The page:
I write in regard to your Nov. 14 ("Good Neighbors") cover story about neighborhood bistros written by Nancy Leson. The sketches of the restaurants...
Eager diner seeks more info
I write in regard to your Nov. 14 (“Good Neighbors”) cover story about neighborhood bistros written by Nancy Leson. The sketches of the restaurants, as well as the accompanying photos by Jacqueline Koch, make these spots very appealing. And, indeed, having dined at some of the bistros mentioned in the article, I can agree with Ms. Leson’s assessments.
Most Read Stories
- Parents, adult son believed dead in Sammamish murder-suicide
- Kickoff time, TV info announced for 110th Apple Cup
- Rebound with redemption: Huskies come back to beat Utah behind the unlikeliest of heroes
- Anthony Bourdain brought 'Parts Unknown' to Seattle — here's where he ate
- Huskies won't repeat as Pac-12 champs, but their consolation prize? The game of the year
However, considering that this article was under the cover headline “Dining Out 2004,” I feel that significant information was missing. Beyond listing name, address, phone number and in some instances a Web address of the subject restaurants, there was no mention of handicapped access, days and hours open, (lunch?), parking availability, menu price range, reservations (required or suggested or none), and which credit cards are accepted.
This type of information is a significant and necessary part of a restaurant sketch or review.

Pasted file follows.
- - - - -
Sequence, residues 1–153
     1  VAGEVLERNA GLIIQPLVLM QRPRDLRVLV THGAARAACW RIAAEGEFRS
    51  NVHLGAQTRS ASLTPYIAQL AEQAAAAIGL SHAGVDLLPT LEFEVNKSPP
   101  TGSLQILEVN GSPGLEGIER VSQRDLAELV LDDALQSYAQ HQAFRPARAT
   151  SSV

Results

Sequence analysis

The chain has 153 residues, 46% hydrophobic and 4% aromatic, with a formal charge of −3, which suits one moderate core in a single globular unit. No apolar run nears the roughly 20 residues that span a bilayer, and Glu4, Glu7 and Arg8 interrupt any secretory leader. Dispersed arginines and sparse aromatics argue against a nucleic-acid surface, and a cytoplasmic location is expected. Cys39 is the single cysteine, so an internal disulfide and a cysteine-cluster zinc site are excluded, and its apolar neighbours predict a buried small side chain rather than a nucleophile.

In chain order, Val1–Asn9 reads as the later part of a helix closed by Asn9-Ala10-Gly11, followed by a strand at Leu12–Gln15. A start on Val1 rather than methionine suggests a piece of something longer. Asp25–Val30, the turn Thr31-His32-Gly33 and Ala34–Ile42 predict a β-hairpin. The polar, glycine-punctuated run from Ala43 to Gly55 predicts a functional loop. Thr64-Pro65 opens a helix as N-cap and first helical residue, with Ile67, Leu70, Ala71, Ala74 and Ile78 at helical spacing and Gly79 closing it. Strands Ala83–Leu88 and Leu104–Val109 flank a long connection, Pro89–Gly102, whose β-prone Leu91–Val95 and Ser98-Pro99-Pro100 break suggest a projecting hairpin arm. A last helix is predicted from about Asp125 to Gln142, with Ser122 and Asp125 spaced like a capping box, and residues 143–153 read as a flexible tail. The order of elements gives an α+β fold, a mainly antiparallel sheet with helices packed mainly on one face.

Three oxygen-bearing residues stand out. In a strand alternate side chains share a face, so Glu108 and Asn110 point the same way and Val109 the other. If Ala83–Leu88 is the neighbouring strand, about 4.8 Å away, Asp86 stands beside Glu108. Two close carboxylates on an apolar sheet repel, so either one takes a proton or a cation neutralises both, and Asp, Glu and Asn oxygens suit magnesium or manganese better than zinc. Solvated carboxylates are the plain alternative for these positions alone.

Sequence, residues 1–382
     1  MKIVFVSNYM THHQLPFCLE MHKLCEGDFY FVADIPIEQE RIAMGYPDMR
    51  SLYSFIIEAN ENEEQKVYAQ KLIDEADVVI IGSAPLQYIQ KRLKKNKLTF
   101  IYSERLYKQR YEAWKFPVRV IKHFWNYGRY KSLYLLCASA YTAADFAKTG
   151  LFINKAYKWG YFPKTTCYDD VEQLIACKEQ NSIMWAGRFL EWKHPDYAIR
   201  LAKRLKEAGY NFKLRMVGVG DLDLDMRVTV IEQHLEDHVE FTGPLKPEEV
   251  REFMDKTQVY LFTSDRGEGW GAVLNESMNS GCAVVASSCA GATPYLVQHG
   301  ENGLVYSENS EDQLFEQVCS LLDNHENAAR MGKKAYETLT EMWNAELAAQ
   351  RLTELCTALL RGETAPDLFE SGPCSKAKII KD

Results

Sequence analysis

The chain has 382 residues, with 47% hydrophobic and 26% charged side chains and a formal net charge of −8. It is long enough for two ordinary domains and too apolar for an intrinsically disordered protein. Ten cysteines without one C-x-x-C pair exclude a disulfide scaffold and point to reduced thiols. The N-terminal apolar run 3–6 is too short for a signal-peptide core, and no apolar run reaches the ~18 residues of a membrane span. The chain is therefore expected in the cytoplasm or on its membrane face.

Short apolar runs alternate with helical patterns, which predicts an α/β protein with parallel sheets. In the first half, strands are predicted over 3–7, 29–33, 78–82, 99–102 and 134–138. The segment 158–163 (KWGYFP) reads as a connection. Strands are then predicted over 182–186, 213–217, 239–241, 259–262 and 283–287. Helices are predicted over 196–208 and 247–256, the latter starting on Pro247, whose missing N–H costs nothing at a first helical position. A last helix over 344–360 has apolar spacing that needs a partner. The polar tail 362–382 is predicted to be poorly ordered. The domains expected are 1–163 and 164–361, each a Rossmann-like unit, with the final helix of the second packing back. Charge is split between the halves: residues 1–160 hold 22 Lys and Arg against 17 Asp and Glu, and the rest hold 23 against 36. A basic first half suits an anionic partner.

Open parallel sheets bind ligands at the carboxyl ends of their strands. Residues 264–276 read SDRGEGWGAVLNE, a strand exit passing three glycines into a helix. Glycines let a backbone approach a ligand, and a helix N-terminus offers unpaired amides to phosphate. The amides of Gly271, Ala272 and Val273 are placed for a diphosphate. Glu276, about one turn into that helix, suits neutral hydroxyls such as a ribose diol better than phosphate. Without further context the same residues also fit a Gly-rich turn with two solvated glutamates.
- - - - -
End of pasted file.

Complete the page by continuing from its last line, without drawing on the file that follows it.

Lacking it puts a burden on the restaurateur fielding phone calls for this information and on the potential patron having to write it down and save it.
I would hope that this would be mandatory information in any future Dining Out issue.
Making delicious out of ‘making do’
Of all the fancy, unique, specialty restaurants and gourmet recipes featured in your Nov. 14 edition (“Good Neighbors”), the one most fascinating to me was Heather Lockman’s story about helping in the feeding of the hungry in Olympia.
It takes a lot of ingenuity and practicality to “make do” and make something delicious out of whatever haphazard donations of foodstuffs are available. It also is a much more heart-warming story to read and be inspired by at Thanksgiving time; the season is a spiritual expression of gratitude and sharing, not just an excuse to stuff ourselves physically. But I know I’m not in the same league as these chefs; I can have a good date with my husband feasting on a baked potato and fish coupon at Skipper’s.
Elinor Meeker, Seattle